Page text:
As a historically and by design multicultural nation, cultural policy in the United States has been necessarily enigmatic. One can easily say that in defining the driving policy not only for culture, but for the majority of domestic matters, the government looks to the tenets of free market economics. Where the free market fails to provide ample opportunity for citizens to achieve a maintainable pursuit of happiness or some such thing, the government steps in and tries to establish a method of repairing the market. There are a few places where the government cannot get the open market to support real equality of opportunity (or a lack of industrial infrastructure which can create the market), and so we have permanent semi-social economic fixtures like welfare, social security, the postal service, education and health services, and certain sections of the arts industry. The key to the semi-social economics of the arts industry is that it is only certain art forms that make use of government protection from the free market, indeed, only certain sections need it. There is a thriving arts industry in the free market – many people are making a lot of money from art of various forms, whether it is film, design, theatre, dance or visual arts. So, assuming that the main reason arts administrators talk about cultural policy is to fathom the depths of public funding and tax incentives, they are faced with two difficult caveats in justifying a semi-protected market for the arts. The first one, difficult as it may be, is easy compared to the second. The first caveat is justifying the arts as important to communities while not being sufficiently supported in the free market by those communities that it is so important to. The second, and as of yet hardly approached caveat, is to answer the question of why some arts need protection and others don’t, and more importantly, what constitutes the types of arts that are to be protected.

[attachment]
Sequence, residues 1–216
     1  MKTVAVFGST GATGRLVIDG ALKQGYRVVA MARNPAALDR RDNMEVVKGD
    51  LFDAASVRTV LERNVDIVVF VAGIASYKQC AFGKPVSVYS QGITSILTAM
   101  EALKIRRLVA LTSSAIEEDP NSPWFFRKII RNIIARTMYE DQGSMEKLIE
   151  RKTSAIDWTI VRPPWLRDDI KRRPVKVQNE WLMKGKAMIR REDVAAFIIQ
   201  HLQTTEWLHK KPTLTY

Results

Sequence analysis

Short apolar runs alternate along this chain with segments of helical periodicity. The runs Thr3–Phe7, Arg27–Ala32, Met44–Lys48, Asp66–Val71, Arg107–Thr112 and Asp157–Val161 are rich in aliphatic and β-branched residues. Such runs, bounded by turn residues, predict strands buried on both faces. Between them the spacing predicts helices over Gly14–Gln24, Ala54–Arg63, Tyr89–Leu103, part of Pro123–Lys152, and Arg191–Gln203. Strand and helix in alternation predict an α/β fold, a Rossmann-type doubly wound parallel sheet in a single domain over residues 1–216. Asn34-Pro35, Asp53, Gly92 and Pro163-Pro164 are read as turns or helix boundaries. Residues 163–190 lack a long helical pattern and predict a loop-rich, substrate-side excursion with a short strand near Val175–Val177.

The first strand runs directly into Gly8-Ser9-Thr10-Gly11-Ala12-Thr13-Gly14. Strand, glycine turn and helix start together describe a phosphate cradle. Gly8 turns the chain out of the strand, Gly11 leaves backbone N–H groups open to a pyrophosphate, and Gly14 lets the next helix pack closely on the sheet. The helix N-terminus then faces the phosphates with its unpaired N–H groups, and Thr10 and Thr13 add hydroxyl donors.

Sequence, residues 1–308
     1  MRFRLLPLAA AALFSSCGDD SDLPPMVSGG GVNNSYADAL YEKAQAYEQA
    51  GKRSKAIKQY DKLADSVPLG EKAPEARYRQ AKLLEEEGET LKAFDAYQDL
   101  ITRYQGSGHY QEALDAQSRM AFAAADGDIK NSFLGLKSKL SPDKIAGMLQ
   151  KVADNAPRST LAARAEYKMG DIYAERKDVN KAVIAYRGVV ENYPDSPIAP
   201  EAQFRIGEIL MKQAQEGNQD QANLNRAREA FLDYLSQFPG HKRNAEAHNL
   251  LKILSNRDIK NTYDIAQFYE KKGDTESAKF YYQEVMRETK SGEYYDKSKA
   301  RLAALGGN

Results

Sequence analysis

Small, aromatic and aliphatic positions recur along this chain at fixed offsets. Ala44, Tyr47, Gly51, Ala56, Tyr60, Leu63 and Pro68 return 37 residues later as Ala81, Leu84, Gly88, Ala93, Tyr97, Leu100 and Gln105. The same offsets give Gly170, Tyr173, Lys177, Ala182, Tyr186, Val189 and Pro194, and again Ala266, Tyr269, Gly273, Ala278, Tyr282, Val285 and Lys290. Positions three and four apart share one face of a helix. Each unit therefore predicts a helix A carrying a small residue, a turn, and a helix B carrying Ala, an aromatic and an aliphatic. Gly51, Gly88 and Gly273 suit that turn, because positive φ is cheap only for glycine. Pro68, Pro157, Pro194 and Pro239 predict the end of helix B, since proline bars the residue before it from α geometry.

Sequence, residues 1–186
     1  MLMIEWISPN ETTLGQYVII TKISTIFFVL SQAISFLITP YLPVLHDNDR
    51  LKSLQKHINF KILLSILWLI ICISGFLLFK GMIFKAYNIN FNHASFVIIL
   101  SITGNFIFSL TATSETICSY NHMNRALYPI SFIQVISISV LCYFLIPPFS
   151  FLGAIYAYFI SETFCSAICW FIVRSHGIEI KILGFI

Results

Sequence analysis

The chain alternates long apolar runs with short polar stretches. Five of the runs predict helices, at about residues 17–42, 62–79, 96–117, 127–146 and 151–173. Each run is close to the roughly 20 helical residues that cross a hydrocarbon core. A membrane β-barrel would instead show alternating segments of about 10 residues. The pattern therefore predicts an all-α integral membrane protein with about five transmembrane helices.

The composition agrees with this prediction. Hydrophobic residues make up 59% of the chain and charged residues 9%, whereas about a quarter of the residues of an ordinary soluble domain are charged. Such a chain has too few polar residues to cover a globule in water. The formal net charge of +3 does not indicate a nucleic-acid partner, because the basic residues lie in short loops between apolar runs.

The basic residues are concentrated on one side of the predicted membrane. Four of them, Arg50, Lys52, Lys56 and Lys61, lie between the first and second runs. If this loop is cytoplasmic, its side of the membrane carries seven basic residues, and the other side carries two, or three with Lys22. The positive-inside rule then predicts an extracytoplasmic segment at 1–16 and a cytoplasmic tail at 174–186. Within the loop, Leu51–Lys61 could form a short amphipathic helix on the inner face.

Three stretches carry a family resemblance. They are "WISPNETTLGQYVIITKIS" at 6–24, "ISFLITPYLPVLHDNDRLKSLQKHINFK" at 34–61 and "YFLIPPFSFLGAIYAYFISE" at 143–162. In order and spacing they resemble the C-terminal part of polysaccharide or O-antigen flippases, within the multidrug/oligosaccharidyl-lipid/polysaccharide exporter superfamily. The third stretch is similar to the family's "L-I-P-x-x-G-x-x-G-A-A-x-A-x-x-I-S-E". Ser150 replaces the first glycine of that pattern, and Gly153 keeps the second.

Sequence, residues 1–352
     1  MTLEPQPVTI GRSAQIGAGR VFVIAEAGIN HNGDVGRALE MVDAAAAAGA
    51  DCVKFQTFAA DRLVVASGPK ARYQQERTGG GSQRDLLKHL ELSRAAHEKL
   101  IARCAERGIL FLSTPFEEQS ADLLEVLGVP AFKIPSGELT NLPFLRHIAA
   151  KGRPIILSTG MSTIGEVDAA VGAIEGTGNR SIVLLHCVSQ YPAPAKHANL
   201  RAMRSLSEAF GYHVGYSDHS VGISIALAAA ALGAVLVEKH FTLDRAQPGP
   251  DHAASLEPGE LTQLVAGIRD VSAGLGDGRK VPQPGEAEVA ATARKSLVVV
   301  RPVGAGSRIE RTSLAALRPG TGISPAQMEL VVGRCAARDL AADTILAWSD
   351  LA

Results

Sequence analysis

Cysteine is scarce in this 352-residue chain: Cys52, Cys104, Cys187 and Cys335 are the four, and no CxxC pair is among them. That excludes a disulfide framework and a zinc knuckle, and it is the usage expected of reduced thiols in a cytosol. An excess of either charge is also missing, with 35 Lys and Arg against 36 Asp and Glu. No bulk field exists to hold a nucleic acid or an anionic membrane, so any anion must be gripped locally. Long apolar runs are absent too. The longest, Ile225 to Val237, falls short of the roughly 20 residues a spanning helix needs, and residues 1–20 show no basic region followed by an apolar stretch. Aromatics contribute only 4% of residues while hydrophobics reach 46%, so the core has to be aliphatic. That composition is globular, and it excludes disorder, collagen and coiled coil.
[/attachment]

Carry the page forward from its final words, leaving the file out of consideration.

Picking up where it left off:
American cultural policy has in general recoiled from directly dealing with the above policy questions. Although administrations and bureaucrats have produced numerous and flowery (and some not so flowery) documents and statements declaring their view of the arts as integral to a citizen’s education and quality of life, real money is in short supply. The entire NEA is only worth a few B-bombers. The basic federal policy is to supply seed money requiring matching funds to organizations which then act as distributors of funds to artists, whether they are symphonies or basket weavers. State and local policy mirrors this (as do unfortunately many foundations) but of course there is much more variability in policy across that spectrum. Arts organizations in general have tried to increase the amount of public funding by proving the value of arts to a community, by hook or by crook (i.e. by showing art’s positive effect on educational, tourist, or economic factors or anything else not having to do with the actual art), while opponents have tricked them into tying the value of art to public good. Of course it’s hard to argue for the public good of something that very little of the public seems actually interested in. It is my opinion that the nonprofit arts industry has been handed a losing proposition on this matter. In a country where democratic values reign supreme, it is always a losing proposition to argue for public money on the basis of positive public or community effects – for a cultural phenomenon that is inherently subjective, personal, aristocratic and undemocratic due to its true value lying in personal cathartic effects. Art will not be subjugated to democracy, mob rule, or quantitative valuation without losing an important and necessary portion of its true value. Sorry kids, equality does not go to bed with individualism without a few spats and compromises. Regardless, non-profit arts organizations have cornered themselves into proving the value of their product to foundations, the government and wealthy individuals because on some deep level they long ago gave up (or maybe some never really tried – or never wanted to) on convincing the free market of the value of their product. The whole public good junk comes in and says well maybe you’re having so much trouble because your product is not truly valuable. And that, unfortunately, sadly, may be true. Because, as said previously, there is a thriving for-profit arts industry.
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